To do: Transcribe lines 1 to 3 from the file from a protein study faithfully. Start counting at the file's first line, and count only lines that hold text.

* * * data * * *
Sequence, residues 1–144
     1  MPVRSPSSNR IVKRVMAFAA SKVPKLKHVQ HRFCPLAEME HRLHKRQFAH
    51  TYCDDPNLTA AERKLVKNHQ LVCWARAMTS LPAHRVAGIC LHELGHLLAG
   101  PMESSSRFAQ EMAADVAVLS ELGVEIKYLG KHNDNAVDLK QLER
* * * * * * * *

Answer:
Sequence, residues 1–144
     1  MPVRSPSSNR IVKRVMAFAA SKVPKLKHVQ HRFCPLAEME HRLHKRQFAH
    51  TYCDDPNLTA AERKLVKNHQ LVCWARAMTS LPAHRVAGIC LHELGHLLAG